And then it was finished: our nest, our empty nest. I became addicted to the attention and craved contact with the men I thought I had come to know. But I found out it wasn't as easy as I had first thought. I quit decisively at first, then slipped up, then quit again, craving some kind of patch.My husband worked hard at his job and, to alleviate its accompanying pressures, developed his obsession with horseracing, gambling and drinking. These conversations quickly developed into cyber-sex, each message becoming more adventurous and racy and allowing me to live out fantasies I would never contemplate doing in the real world. My husband and I became strangers, our lives by now distinct entities. I told myself that what I was doing was essentially harmless.He was by far the best of the bunch, a kind and generous man, but someone who could also be selfish and unfeeling.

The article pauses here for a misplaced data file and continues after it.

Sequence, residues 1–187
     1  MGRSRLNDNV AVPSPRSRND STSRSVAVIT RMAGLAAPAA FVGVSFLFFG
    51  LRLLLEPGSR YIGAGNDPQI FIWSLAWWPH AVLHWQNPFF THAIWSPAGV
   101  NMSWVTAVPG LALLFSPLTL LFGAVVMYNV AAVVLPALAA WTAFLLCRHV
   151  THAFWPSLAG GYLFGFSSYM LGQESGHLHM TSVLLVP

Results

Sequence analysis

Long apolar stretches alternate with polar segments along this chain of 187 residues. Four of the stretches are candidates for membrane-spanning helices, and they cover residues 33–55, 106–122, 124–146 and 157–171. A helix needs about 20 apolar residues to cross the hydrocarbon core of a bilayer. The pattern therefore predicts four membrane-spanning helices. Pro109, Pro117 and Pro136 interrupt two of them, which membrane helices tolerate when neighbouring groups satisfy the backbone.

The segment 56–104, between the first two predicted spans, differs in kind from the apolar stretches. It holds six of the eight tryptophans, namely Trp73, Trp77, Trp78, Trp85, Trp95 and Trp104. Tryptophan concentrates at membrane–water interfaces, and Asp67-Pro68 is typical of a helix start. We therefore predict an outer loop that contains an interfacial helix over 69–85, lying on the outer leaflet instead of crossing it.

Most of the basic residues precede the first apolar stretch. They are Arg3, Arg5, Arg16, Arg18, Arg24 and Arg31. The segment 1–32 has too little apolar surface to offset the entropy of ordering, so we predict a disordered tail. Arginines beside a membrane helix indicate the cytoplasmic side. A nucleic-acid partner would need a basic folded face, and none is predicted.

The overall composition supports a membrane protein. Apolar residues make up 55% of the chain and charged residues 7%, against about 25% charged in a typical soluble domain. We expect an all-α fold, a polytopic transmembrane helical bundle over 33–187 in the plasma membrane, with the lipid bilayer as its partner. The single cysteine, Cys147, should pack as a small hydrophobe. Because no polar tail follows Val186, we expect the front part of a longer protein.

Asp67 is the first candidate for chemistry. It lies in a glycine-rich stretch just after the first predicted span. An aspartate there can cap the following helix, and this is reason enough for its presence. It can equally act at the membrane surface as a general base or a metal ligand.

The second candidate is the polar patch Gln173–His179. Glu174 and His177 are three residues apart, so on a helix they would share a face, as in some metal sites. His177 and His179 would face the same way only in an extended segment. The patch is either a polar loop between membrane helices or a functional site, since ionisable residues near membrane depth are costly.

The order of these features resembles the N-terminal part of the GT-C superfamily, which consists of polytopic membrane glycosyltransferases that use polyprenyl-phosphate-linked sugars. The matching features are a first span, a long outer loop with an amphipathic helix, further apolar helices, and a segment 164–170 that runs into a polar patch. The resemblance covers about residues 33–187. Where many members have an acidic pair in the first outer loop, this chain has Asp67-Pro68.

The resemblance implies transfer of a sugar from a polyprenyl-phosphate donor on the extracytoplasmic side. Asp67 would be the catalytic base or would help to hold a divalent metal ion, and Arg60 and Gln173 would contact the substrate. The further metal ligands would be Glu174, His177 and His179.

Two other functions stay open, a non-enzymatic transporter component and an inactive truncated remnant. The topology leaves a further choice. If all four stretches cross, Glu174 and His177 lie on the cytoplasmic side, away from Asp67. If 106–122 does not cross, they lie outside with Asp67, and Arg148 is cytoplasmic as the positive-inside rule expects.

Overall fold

From the very first meeting, the guilt racked through me.
We would meet in hotels, have sex – mindblowing sex - and then the realisation that what I was doing was irrevocably wrong would set in.
Mercifully, the kind and complicated man I was married to focused too.
I'd always heard that you have to work at a marriage.
I was a latecomer to counselling, having previously considered therapy a largely American pursuit. By the time I reached that landmark age, without children and in a marriage that was beginning to lose its fairytale glow, my daily life was beginning to feel not unlike a soap opera.
And I did, pretty much, and I was perfectly fine - until suddenly I wasn't.
And so our long-nurtured virtual affair became real.
He was young and beautiful and I couldn't believe that he wanted me.
A late arrival into the world of social media, I nevertheless embraced it as a kind of escape.
While my husband spent most evenings catching up on the horse racing he'd recorded over the weekend, I began perusing chatrooms – not in pursuit of cybersex necessarily, but initially more for harmless flirtation, a little virtual attention.
There were redundancy problems at work; my marriage was showing strains; and there was something large and unnameable missing from my life.